Quebec Leader Upbeat on Independence Vote, but May be Whistling in Dark

September 17, 1995|By MYRON BECKENSTEIN

As Quebec Premier Jacques Parizeau was getting ready to leave a meeting of all the Canadian provincial premiers recently, one of his fellows said he hoped they would see him again next year.

Nothing personal, but Mr. Parizeau hopes they won't.

Instead, he hopes that by this time next year Quebec will be just about ready to declare independence from the rest of Canada.

In the election campaign that swept his party into office a year ago last week, Mr. Parizeau pledged to hold a referendum on independence eight to 10 months after victory. Last week he set a date for fulfilling that pledge: Oct. 30.

Not quite within the time frame promised, but Mr. Parizeau had his reason for the delay: In the face of negative poll numbers, he was searching for a referendum wording that would guarantee him the result he wanted. What he finally came up with was announced a few days before he set the date:

"Do you agree that Quebec should become sovereign, after having made a formal offer to Canada for a new economic and political partnership, within the scope of the bill respecting the future of Quebec and of the agreement signed on June 12, 1995?"

The June 12 agreement was among three similarly inclined parties: his provincial Parti Quebecois (PQ), the federal-level Bloc Quebecois and a small provincial party.

But even with the advantages of being able to load the question and pick the most auspicious date, the road ahead still isn't as clear as Mr. Parizeau could hope. One vote he certainly can count on not getting is that of his fellow Quebecer Jean Chretien, who spends most of his time in Ottawa being prime minister of Canada.

(Since 1968, except for three brief interregnums, Quebecers have sat in the prime minister's chair, a fact which doesn't fit well with the separatists' basic complaint that Quebec must have independence because it is an underpowered, oppressed province that will never get its due within the Canadian confederation.)

Foes of separation were quick to point out that something is missing in the referendum question: the word "independence." This, they are pretty sure, is deliberate, since poll after poll had found that most Quebecers would vote against independence, just as they did in a referendum in 1980.

Mr. Parizeau, who would have preferred a straight question, modified his stance and is now talking independence with an asterisk. Among other things, Quebecers are promised they still could keep their Canadian citizenship and that they could continue to use the Canadian dollar as their currency.

"If they asked the question clearly, they would be clobbered," Mr. Chretien said. "So they are hiding the truth.

"They're trying to cover up by saying, 'Oh, no, no, it's not really separation, because we'll still have a passport, we'll have Canadian currency, we'll have citizenship, we'll have economic union, we'll have political union'," he said.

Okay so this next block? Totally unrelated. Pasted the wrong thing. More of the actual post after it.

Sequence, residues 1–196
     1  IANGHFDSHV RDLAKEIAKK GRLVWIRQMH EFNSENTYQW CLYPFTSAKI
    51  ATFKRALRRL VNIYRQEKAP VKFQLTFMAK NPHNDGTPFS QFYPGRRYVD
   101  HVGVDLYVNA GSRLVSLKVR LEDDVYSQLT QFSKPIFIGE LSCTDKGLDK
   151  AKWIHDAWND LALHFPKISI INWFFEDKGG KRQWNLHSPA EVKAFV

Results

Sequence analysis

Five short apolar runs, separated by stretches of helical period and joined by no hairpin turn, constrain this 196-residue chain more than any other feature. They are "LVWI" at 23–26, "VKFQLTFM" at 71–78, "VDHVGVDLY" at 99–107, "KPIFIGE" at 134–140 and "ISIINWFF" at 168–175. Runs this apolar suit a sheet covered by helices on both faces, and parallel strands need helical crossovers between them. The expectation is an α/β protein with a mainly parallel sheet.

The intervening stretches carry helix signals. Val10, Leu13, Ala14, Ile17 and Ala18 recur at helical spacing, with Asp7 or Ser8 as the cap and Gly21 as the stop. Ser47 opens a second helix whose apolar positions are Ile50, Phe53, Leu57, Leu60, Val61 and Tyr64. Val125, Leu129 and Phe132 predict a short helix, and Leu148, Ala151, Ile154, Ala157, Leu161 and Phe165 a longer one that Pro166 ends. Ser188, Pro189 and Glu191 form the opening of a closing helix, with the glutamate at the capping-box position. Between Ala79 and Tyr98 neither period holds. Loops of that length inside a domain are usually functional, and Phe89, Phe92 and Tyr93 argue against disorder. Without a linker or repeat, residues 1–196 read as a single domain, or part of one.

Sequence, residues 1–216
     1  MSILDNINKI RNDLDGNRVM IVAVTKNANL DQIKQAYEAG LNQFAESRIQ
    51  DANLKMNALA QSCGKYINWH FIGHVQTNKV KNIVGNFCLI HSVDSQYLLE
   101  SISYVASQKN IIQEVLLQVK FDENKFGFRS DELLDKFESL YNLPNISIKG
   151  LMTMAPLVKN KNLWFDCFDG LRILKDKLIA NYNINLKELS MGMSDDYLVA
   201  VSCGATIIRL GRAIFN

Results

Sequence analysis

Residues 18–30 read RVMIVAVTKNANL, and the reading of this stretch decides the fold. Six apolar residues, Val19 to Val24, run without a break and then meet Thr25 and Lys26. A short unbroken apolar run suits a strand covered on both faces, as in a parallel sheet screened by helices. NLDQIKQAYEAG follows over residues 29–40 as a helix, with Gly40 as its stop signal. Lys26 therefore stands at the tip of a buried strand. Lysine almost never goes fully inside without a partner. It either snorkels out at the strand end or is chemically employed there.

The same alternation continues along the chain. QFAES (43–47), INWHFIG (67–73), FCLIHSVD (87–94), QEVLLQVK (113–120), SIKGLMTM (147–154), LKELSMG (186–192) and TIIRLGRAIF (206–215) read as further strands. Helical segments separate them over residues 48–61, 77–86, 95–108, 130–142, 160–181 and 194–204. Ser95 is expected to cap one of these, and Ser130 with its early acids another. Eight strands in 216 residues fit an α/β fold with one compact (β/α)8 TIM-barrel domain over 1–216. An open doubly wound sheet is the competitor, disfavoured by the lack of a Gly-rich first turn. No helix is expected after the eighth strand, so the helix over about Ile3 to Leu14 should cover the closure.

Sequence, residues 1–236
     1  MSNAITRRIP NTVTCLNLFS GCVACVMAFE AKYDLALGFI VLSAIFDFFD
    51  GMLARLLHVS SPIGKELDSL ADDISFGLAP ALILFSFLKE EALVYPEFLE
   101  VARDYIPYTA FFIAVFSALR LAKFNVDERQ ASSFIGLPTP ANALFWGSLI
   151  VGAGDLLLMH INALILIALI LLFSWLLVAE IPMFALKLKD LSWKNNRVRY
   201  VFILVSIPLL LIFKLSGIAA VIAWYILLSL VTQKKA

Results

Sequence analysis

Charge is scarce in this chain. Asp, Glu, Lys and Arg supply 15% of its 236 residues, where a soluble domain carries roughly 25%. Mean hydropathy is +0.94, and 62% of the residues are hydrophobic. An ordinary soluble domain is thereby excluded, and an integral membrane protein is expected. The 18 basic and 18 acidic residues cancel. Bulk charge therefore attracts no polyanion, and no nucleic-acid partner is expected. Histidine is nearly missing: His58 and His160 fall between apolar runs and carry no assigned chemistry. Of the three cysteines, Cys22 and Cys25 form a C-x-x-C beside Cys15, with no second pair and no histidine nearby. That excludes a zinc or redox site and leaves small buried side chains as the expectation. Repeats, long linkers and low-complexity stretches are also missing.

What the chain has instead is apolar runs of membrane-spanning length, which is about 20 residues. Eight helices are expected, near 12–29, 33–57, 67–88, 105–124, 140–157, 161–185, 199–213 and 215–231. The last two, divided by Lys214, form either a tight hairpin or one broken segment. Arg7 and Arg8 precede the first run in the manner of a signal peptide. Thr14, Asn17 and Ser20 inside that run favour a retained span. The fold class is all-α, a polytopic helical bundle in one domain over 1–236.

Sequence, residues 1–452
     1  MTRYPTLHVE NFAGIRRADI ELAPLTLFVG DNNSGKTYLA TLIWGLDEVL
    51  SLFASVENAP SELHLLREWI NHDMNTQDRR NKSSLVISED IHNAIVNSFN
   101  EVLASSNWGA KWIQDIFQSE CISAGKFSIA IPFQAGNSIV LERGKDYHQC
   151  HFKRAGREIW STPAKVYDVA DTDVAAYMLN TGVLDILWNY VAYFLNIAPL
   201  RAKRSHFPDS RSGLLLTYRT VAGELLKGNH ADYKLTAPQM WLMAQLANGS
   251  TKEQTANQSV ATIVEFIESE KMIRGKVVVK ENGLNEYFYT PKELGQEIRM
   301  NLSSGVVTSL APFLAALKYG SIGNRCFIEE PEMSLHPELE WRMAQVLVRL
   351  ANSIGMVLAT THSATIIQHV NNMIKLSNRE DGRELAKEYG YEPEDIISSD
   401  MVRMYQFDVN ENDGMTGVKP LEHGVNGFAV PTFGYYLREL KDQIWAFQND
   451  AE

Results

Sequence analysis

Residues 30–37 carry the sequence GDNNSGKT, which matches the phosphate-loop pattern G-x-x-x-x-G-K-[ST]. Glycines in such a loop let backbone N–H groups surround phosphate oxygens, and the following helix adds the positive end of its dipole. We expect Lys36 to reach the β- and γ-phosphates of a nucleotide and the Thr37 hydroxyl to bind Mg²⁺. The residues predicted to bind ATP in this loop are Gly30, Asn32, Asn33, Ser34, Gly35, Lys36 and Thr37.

"It's not up to them to decide. It's for the rest of Canada to decide."

Mr. Parizeau also says a sovereign Quebec would retain its current borders and would apply for membership in the major organizations to which Canada belongs, such as the North American Free Trade Agreement.

Presumably, all these points would be among those raised in the referendum-promised "formal offer to Canada for a new economic and political partnership."

The referendum does not say that the rest of Canada has to accept the Quebec offer before an Oct. 30, 1996, deadline, just that the offer has to be made, for secession to then be declared.

This is no oversight either, for the rest of Canada has made it clear that it is in no mood, after years of continuing debate over Quebec's role and demands, to make any new concessions now.

Mr. Chretien and all of the premiers have said they would not negotiate any kind of partnership outside the existing confederation.

"If the people of Canada were not able to agree to a special status for Quebec as a province of Canada, why would anybody think they would do it for a Quebec that was a separate nation from Canada?" asked Newfoundland's Clyde Wells.

Nor would they automatically grant Quebec entrance into the internal trade agreements that it would need.

"It's not because we wouldn't do it for Quebec," said Manitoba's Gary Filman. "It's because if we did it for a sovereign Quebec, we would have to do it for the United States, Mexico and any other country with which we have open trading arrangements."

Ditto for NAFTA. And the United States agreed. "It's a complicated legal question which would take a great deal of time resolve and it is certainly not automatic," U.S. Ambassador James Blanchard said early this year.

Economically, this isn't good news for Quebec. One study said separation could cost a newly independent country $3.4 billion a year until things settled down. Another said a breakup probably would lead to hard times for all of Canada that would rival the Great Depression. Mr. Parizeau called this report "exaggerated."

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